Gas companies agree to pay $380M to settle Roane royalty case

By Chris Dickerson | Oct 24, 2008

CHARLESTON -- Two natural gas companies have agreed to pay $380 million to settle a headline-grabbing Roane County class-action lawsuit over royalty payments.

The settlement by NiSource Inc. and Chesapeake Energy Corp. already has received preliminary approval from Roane Circuit Judge Thomas Evans. NiSource announced the plan in a press release Friday.

NiSource said final approval could come in about a month. Its share of the settlement would be $338.8 million.

NiSource had appealed the verdict to the U.S. Supreme Court after the state Supreme Court refused to hear it. The announced settlement also would end the appeal process.

The original $404 million verdict was the third largest in the United States in 2007, according to an annual list compiled by Verdict Search, a sister product of the National Law Journal. It was one of three West Virginia verdicts in the top seven last year.

The Roane County jury originally imposed about $134.3 million in compensatory damages and $270 million in punitive damages against defendants in the case of Tawney, et al. v. Columbia Natural Resources. CNR is a former NiSource Inc. subsidiary, which was sold in 2003. NiSource, Columbia Energy Group and Chesapeake Appalachia LLC were named as defendants in the lawsuit. Oklahoma City-based Chesapeake Energy bought Columbia Natural Resources of Charleston in November 2005 for $2.2 billion.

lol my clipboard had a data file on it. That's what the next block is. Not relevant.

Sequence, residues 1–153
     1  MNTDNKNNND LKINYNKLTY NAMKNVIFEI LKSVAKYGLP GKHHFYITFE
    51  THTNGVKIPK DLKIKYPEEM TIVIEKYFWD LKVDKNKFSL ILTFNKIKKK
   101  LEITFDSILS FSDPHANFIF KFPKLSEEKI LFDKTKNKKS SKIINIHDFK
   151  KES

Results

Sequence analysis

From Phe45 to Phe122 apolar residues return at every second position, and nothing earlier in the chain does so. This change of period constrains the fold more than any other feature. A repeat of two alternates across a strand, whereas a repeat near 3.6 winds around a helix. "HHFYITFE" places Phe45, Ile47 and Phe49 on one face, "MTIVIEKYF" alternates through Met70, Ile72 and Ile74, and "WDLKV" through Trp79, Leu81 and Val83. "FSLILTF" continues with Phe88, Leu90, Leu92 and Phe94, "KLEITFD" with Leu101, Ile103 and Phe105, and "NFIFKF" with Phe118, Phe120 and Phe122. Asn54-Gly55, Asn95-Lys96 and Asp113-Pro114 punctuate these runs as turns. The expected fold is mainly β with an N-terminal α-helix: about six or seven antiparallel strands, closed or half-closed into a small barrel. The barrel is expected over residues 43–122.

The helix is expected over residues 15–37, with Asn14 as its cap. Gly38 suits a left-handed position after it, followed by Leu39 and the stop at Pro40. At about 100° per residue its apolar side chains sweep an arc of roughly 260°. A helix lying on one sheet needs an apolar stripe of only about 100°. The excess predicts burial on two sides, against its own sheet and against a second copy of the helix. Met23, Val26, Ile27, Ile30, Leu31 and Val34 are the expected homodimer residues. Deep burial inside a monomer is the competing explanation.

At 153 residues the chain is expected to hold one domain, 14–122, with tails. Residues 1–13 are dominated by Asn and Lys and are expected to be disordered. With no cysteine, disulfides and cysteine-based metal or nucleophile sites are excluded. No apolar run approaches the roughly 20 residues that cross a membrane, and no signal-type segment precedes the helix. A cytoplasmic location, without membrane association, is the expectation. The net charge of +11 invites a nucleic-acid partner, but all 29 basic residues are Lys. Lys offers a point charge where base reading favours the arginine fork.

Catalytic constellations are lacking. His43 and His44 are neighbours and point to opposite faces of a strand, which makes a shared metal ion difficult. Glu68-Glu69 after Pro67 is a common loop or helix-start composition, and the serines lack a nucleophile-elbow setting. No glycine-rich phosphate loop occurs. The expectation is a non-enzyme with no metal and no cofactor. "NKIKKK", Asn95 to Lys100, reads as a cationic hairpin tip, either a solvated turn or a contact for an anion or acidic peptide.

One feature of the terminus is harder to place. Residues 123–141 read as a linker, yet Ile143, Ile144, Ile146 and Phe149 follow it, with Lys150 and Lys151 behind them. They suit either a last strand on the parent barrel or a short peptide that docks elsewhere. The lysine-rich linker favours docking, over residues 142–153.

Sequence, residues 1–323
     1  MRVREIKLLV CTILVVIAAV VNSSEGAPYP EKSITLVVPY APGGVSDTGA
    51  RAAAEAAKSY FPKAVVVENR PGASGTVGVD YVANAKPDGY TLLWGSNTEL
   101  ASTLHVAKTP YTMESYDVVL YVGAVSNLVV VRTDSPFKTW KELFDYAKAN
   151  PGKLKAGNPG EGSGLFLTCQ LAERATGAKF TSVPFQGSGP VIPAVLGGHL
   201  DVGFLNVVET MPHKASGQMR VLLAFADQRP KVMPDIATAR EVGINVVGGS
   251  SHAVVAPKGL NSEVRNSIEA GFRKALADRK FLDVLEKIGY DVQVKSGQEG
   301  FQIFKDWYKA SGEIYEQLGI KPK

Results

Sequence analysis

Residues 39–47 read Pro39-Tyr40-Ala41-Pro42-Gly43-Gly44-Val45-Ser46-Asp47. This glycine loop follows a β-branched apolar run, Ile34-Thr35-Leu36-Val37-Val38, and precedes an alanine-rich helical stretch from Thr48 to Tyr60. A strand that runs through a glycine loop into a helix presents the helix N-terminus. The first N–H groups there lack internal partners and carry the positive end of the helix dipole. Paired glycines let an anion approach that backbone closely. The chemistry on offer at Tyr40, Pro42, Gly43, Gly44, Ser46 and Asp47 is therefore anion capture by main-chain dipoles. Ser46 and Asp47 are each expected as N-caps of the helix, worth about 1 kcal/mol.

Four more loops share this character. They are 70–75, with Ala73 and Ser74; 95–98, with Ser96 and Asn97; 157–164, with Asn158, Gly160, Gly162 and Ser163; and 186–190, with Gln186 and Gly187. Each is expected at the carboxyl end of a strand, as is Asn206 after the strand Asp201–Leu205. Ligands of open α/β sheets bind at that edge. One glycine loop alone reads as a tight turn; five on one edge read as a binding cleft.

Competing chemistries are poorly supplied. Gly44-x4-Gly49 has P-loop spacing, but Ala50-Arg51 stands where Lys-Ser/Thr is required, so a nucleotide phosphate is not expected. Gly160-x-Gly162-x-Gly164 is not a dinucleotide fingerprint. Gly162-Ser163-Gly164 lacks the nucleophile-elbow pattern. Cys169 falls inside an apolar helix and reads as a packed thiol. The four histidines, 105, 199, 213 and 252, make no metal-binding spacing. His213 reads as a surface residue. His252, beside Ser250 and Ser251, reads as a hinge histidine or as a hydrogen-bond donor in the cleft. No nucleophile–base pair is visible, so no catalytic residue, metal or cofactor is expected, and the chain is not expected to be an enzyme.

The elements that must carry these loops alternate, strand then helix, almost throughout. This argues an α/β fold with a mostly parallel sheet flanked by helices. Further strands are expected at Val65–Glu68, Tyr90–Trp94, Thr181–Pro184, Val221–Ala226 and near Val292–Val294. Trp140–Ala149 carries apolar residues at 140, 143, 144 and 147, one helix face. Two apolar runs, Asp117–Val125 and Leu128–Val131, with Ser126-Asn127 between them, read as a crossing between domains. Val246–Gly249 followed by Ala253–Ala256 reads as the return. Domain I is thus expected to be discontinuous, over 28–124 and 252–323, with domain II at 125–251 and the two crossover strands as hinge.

The plaintiffs in the case, natural gas royalty owners, filed the lawsuit in early 2003 alleging that CNR underpaid royalties by deducting a portion of post-production costs incurred to gather and transport gas to interstate pipelines and by not paying market value for gas produced under all leases, even those providing for payment based on actual proceeds received for the gas. Plaintiffs sought the alleged royalty underpayment and punitive damages.

The defendants believe CNR operated in good faith and that there is no valid basis for any award of punitive damages, "let alone the unwarranted and unreasonable levels granted in this case."

Earlier this year, Chesapeake Energy announced that it would not build a $35 million state-of-the-art headquarters for its Eastern operations in Charleston, citing the state Supreme Court's refusal to hear the appeal.

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